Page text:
Stocks in Switzerland Drop to Their Lowest in Six Weeks

Swiss stocks fell, with the Swiss Market Index dropping to its lowest level in six weeks, as a gauge of Chinese manufacturing slipped and concern grew that the Federal Reserve will reduce its debt purchases.

Roche Holding AG (ROG) slid the most in 18 months after a study showed that its Avastin drug failed to extend the lives of patients with a type of brain cancer. Addex Therapeutics Ltd. (ADXN) slumped 30 percent. SGS (SGSN) SA, the world’s biggest product inspector, advanced 1.1 percent.

The SMI (SMI) retreated 2.1 percent to 7,780.98 at the close of trading in Zurich, its lowest level since April 22. The gauge posted a 2.7 percent decline last week, its biggest since November. The benchmark measure still rose 0.5 percent last month, completing its longest streak of gains since 1997. The Swiss Performance Index lost 2 percent today.

“Just as we’ve seen in the U.S. on Friday and this morning in Asia, it’s especially the fear of an end of the loose monetary policy of the Fed that weighs on markets,” said Benno Galliker, a trader at Luzerner Kantonalbank AG in Lucerne, Switzerland. “This fear is present and will increase until we get the U.S. labor data on Friday. Investors are rather cautious at the moment. Most of them probably expect a continuation of the correction or a sideways market in the next few days.”

U.S. stocks dropped on May 31 as better-than-forecast data on business activity and consumer confidence intensified concern that the Fed will scale back stimulus. A Labor Department report on Friday may show that the world’s biggest economy created 167,000 jobs last month, beating the gain in April, according to the median forecast from 79 economists surveyed by Bloomberg.

Volumes Rise

The volume of shares changing hands in SMI-listed companies was 17 percent greater than the average of the last 30 days, according to data compiled by Bloomberg.

HSBC Holdings Plc and Markit Economics said their Chinese manufacturing index, released today, fell to 49.2 in May from 50.4 in April. A reading below 50 means that activity contracted. The official index for the industry, released on June 1, rose to 50.8 from 50.6.

The final reading of a purchasing managers’ index for manufacturing in the 17-nation euro area climbed to 48.3 in May. That exceeded the median estimate of economists in a Bloomberg survey for a reading of 47.8.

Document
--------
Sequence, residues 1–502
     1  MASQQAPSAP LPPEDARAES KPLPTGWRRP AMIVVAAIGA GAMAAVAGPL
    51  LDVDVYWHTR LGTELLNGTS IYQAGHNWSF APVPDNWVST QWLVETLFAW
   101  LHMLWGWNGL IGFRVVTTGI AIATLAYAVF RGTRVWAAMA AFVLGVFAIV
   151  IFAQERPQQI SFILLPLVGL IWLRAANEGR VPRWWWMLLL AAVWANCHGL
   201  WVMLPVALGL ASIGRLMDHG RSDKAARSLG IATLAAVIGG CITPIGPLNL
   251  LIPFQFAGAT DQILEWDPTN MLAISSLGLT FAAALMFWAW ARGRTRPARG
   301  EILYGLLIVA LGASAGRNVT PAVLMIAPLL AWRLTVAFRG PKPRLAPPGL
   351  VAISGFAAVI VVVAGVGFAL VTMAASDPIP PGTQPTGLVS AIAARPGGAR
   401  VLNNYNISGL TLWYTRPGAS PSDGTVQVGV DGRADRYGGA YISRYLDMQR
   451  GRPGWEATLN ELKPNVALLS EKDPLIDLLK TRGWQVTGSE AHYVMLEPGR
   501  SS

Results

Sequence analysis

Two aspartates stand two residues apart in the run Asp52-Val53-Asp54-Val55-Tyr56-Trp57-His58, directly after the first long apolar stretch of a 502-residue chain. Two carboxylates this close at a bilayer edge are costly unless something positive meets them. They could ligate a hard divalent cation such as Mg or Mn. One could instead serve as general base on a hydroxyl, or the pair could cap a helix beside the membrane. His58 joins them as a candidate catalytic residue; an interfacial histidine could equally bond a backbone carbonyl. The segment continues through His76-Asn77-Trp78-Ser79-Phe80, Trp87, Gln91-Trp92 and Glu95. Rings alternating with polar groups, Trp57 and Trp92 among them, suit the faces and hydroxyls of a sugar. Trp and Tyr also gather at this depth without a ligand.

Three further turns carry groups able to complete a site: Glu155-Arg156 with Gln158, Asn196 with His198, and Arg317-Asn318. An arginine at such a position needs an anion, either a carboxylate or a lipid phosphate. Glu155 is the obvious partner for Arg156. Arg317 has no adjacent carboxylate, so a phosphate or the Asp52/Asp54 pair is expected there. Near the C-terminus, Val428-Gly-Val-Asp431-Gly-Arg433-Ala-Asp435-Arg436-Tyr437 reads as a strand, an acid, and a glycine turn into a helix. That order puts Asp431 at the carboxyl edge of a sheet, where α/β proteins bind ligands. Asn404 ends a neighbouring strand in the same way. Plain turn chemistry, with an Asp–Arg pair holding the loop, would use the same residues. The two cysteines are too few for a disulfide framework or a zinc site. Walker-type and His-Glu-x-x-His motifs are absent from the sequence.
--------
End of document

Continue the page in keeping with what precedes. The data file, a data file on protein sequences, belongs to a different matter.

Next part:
In the U.S., the Institute for Supply Management’s factory index fell to 49 last month from 50.7 in April. That missed the median forecast of economists for a reading of 51.

Roche Retreats

Roche declined 3.7 percent to 230.30 Swiss francs, contributing the most to the SMI’s drop. The world’s biggest maker of cancer drugs presented the results of a study into Avastin’s effectiveness for people with glioblastoma at a meeting of the American Society of Clinical Oncology. A separate study showed the treatment helped prolong the lives of women with an aggressive form of cervical cancer.

Novartis AG (NOVN) slid 1.9 percent to 67.70 francs, while Actelion Ltd. (ATLN) lost 1.4 percent to 56.45 francs.

Credit Suisse Group AG (CSGN), Switzerland’s second-biggest bank, declined 3.1 percent to 27.86 francs, while Julius Baer Group Ltd. (BAER) lost 1.3 percent to 37.49 francs.

Addex tumbled 30 percent to 4.50 francs. Chief Executive Officer Bharatt Chowrira will step down, with Chairman Andre Mueller taking over in the interim, the company said on May 31 after European markets closed. Addex added that it has reduced its staff to only two employees.

SGS climbed 1.1 percent to 2,185 francs. Exor SpA, a holding company owned by the Agnelli family, sold its stake in SGS to Groupe Bruxelles Lambert SA for 2 billion euros ($2.6 billion). Exor, which also holds the family’s shares in Fiat SpA (F), will use the proceeds from the sale of its 15 percent holding to pursue new investments, it said in a statement.

To contact the reporter on this story: Corinne Gretler in Zurich at cgretler1@bloomberg.net

To contact the editor responsible for this story: Andrew Rummer at arummer@bloomberg.net

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